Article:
What’s flying

Smell the roses before they’re covered?in snow

A pair of trumpeter swans look on. (Scot Stewart photo)

“The serene philosophy of the pink rose is steadying. Its fragrant, delicate petals open fully and are ready to fall, without regret or disillusion, after only a day in the sun. It is so every summer. One can almost hear their pink, fragrant murmur as they settle down upon the grass: ‘Summer, summer, it will always be summer.”

— Rachel Peden

No doubt about it — it is summer in the Upper Peninsula. There have been thunderstorms. There have been temperatures climbing close to 90 degrees. The roses are finally blooming in many areas just this week. Their heavy, sweet aroma filled the air along the Marshland Drive at Seney National Wildlife Refuge this week mixing with the morning fragrances of common and swamp milkweed. The beautiful blue flowers of marsh skullcap livened up the edge of the pools at the refuge, but they may have been overlooked by many captivated by the activity of insects, reptiles, birds and mammals

Birding can be a bit chancy, especially at this time of year. A pair of birders took the Marshland Loop early last Saturday and were able to catch a single male loon, a family of ring-billed ducks and plenty of trumpeter swans. They made a send trip around taking the Fishing Loop and were immediately able to find an American white pelican on F Pool. It caught a fairly large fish and put on an entertaining show snapping its bill up multiple times evidently trying to align the fish properly to swallow it.

Across the road in E Pool a male loon cruised with a young chick exchanging calls with its mate across the pool. Suddenly the chick dove as a bald eagle circled overhead briefly then disappeared. The female arrived to join the male a bit later but arrived through a series of underwater dives and resurfaces until it got within fifty feet of chick.

Scot Stewart

A few minutes later a Caspian tern swung around and dove into E Pool trying for a fish. It missed, popped out of the water and continued on a curving course over the large pool. The large, red-billed terns have been regulars at the refuge this summer but their smaller relatives, the common terns have been far less visible.

Shortly after the tern left, the bald eagle reappeared, this time on a different mission. It had spotted an osprey catch a six inch fish and was heading back to its nest, when the eagle began to chase it. The two engaged in a series of dips, with the osprey doing its very best to elude the attacker, but finally lost the fish, having it grabbed away by the eagle. It brings to mind Ben Franklin’s reluctance to make the eagle the national symbol due to its “character” as he described in a letter to his daughter.

“For my own part I wish the Bald Eagle had not been chosen the Representative of our Country. He is a Bird of bad moral Character. He does not get his Living honestly. You may have seen him perched on some dead Tree near the River, where, too lazy to fish for himself, he watches the Labour of the Fishing Hawk (osprey); and when that diligent Bird has at length taken a Fish, and is bearing it to his Nest for the Support of his Mate and young Ones, the Bald Eagle pursues him and takes it from him.”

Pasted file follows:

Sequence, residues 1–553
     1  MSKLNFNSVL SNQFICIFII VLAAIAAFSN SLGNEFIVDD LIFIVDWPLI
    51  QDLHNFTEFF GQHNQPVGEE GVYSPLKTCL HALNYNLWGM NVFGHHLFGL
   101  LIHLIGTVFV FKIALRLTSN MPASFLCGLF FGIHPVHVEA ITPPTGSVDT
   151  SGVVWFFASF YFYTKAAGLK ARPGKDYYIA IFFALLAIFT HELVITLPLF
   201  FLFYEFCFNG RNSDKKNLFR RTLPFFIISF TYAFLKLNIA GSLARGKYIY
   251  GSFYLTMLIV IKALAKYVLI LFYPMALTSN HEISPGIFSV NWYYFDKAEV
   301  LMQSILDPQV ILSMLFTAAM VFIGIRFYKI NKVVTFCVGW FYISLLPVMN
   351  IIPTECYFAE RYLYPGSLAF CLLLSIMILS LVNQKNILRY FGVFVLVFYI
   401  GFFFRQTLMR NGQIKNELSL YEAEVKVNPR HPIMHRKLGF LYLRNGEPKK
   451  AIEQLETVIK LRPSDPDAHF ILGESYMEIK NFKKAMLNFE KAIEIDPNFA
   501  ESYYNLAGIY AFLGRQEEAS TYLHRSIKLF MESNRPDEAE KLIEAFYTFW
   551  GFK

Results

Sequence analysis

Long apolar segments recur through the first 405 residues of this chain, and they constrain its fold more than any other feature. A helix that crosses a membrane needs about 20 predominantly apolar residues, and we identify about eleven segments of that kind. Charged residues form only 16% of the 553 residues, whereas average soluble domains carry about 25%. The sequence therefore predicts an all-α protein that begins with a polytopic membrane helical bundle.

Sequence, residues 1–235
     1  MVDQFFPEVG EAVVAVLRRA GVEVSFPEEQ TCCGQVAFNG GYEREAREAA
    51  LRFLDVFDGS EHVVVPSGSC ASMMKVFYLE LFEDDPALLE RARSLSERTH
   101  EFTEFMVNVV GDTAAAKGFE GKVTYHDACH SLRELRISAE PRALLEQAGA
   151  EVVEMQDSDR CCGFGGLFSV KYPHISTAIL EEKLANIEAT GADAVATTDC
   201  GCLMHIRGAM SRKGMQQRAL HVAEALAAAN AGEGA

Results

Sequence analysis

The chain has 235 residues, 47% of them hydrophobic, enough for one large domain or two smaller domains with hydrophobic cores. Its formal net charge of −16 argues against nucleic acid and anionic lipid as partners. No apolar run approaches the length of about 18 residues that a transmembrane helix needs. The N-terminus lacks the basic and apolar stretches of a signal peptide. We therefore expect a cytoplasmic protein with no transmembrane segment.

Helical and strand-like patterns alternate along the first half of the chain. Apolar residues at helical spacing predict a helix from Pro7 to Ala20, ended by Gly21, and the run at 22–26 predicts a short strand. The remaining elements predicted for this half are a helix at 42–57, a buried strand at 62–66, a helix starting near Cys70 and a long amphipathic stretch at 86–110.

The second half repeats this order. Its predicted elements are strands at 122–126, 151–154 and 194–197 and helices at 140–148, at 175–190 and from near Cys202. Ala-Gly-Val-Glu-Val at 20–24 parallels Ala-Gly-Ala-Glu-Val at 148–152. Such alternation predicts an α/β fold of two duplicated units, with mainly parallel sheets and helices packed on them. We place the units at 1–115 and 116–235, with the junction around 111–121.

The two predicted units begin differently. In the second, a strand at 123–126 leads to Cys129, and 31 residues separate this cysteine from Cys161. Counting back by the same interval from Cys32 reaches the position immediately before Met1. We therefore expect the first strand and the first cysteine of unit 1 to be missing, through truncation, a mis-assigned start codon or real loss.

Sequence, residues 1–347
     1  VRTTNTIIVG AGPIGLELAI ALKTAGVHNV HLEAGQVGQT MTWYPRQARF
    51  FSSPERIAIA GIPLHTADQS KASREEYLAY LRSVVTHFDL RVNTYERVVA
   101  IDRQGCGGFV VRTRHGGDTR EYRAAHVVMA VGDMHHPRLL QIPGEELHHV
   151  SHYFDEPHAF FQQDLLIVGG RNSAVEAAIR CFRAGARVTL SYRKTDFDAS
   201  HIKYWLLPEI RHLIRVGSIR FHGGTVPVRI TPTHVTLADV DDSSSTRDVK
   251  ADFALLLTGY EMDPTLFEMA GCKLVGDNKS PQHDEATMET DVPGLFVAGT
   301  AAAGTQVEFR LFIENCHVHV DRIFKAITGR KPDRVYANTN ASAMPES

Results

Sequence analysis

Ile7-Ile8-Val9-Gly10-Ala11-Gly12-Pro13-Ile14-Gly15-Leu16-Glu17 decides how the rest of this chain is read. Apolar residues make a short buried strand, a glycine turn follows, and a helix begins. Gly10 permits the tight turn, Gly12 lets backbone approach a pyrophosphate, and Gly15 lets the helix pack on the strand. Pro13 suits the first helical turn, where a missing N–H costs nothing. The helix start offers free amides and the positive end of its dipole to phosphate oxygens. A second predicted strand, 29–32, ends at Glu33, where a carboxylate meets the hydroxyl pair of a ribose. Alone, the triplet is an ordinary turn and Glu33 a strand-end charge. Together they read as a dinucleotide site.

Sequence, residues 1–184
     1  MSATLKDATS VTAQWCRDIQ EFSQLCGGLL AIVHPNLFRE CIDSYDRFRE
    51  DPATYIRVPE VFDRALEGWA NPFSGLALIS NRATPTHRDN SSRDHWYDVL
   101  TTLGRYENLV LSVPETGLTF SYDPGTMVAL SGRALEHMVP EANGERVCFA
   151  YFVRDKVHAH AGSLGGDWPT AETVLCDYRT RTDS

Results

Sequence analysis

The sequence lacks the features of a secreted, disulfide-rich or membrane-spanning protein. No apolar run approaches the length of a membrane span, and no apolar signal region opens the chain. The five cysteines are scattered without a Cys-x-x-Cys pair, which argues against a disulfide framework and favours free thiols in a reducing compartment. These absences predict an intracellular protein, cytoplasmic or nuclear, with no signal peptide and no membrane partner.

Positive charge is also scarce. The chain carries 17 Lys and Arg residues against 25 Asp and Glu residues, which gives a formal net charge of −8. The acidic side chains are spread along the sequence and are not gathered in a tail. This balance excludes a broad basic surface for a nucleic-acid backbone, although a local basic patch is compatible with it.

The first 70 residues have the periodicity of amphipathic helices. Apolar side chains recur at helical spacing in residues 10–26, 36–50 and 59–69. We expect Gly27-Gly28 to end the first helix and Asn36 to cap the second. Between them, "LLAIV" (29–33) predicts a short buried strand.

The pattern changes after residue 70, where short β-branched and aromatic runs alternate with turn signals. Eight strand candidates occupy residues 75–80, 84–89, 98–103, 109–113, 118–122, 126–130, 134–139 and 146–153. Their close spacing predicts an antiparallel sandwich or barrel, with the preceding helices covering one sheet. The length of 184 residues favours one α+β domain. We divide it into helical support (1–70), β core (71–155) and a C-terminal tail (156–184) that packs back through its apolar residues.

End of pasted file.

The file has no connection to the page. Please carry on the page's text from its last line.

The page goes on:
Whatever the case is for its character, the eagle and the osprey both put on an unbelievable show. Both species have several nests on the refuge and can be seen fairly regularly during visits.

Wood ducks have young nearly as large as the adults in some clutches, but most ring-necked ducks have much smaller young. Three broods were seen on the second trip around the refuge, with six, eight and nine young in the families seen. The young seem light as leaves, fluttering across the water when scolded by their mother.

There are still plenty of songsters providing a chorus in the morning hours, even on warmer mornings. Several Wilson’s snipes were still winnowing, song, white-throated and swamp sparrows, red-eyed vireos, pine and yellow-rumped warblers were heard and on July 13 a yellow rail was heard calling between G and J Pools. While soras and Virginia rails are fairly common across the U.P., with both seen even at local wetlands like the mitigation pools at the Bog Walk at Presque Isle Park in Marquette, yellow rails have become extremely rare at Seney, after years of nest there regularly. The second time around was magical.

Many birds are busy preparing for or feeding second clutches. Northern cardinals are being seen with young as they are regularly singing, indicating they are again nesting. Eastern phoebes are also very prominent in the morning chorus. Cedar waxwings and American goldfinches, both late to start nesting, are just now getting ready to start.

The goldfinches are usually tied to the blooming of thistles with the downy seeds used both for food and nest lining. Insects are also tied to these flowers. Hummingbird moths are beginning to hover around thistles and dogbane as they are daytime feeders of nectar, joining orange, white and black Baltimore checkerspot butterflies and white admirals.

Go smell the roses, listen to the loons and enjoy watching the long necked swans. It is beautiful out there.

EDITOR’S NOTE: Scot Stewart is a teacher at Bothwell Middle School in Marquette and a freelance photographer.